In the fall of 1962, President John F. Kennedy faced two great crises: the Cuban missile crisis and the Sino-Indian War. While Kennedy’s role in the missile crisis has been thoroughly examined, his critical role in the Sino-Indian War – and the crisis itself – have been largely ignored.
In his new book, “JFK’s Forgotten Crisis: Tibet, the CIA, and the Sino-Indian War” (Brookings Institution Press, 2015), CIA veteran and Director of the Brookings Intelligence Project Bruce Riedel details several facets of the October 1962 crisis: the invasion of Indian-held territory by well-armed and equipped Chinese troops; Prime Minister Nehru’s urgent request for direct American Air Force intervention in the war; Kennedy’s deft diplomatic success in convincing neighboring Pakistan to remain neutral during the affair; and the ultimate unilateral Chinese cease-fire that brought an end to the conflict. Riedel also analyzes the CIA’s clandestine support of the Tibetan people in their resistance to Chinese occupation, a matter that had partially precipitated the Sino-Indian War. Finally, Riedel highlights the intriguing role First Lady Jacqueline Kennedy played in her husband’s South Asian diplomacy.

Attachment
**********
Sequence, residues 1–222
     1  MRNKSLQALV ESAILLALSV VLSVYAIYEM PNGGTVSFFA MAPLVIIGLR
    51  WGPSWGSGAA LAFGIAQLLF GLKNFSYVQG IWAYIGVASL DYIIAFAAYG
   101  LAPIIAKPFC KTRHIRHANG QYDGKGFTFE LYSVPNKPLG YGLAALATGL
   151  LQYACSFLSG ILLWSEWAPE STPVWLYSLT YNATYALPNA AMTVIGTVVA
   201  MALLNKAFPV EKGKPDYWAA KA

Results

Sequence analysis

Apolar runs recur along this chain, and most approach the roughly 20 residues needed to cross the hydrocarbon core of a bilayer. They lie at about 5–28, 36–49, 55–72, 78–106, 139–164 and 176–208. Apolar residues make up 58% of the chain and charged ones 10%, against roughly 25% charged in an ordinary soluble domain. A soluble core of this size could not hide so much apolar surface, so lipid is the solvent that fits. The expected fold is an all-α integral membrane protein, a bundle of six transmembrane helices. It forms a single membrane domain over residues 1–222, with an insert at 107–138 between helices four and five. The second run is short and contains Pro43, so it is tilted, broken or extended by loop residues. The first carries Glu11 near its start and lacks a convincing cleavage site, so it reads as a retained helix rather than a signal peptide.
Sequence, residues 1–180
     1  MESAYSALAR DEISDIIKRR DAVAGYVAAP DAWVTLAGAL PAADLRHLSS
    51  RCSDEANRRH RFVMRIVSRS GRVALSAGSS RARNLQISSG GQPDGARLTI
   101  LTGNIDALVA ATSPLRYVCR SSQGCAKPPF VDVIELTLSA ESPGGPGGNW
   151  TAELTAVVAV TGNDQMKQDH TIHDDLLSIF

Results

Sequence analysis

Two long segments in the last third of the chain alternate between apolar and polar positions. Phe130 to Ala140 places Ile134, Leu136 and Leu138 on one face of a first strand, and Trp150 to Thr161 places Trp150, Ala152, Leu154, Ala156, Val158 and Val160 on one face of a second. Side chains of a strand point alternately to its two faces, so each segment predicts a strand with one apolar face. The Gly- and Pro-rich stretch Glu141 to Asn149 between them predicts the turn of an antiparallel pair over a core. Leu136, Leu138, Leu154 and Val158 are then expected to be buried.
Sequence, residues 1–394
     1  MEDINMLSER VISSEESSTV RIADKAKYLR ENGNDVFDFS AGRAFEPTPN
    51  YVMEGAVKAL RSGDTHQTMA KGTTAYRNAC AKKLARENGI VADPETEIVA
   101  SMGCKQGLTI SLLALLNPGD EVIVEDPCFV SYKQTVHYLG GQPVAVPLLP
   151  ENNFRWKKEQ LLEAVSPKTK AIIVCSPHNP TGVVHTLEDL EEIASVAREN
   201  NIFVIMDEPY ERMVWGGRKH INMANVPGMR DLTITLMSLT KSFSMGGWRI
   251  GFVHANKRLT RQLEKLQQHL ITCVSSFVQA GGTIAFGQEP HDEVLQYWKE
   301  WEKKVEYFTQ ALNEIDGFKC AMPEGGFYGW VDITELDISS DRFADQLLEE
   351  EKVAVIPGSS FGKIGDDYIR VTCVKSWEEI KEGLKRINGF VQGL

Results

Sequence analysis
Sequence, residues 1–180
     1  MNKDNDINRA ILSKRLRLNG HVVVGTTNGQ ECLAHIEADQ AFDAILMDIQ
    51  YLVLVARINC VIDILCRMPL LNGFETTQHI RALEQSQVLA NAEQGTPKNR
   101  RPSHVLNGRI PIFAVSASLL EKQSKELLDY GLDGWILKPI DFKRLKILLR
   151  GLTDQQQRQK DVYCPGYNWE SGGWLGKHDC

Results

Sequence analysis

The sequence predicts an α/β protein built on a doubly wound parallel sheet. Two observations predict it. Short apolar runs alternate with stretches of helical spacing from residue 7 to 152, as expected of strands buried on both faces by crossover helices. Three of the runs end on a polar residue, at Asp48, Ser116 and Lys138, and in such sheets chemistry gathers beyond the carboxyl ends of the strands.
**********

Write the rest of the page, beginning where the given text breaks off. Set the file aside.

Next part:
On October 13, the Brookings Intelligence Project launched Riedel’s new book with a conversation about this crisis, how it played an important role in forming Asia’s current balance of power, and the resultant regional arms race that still prevails to this day. Brookings Institution Nonresident Senior Fellow Marvin Kalb provided introductory remarks and moderated the discussion.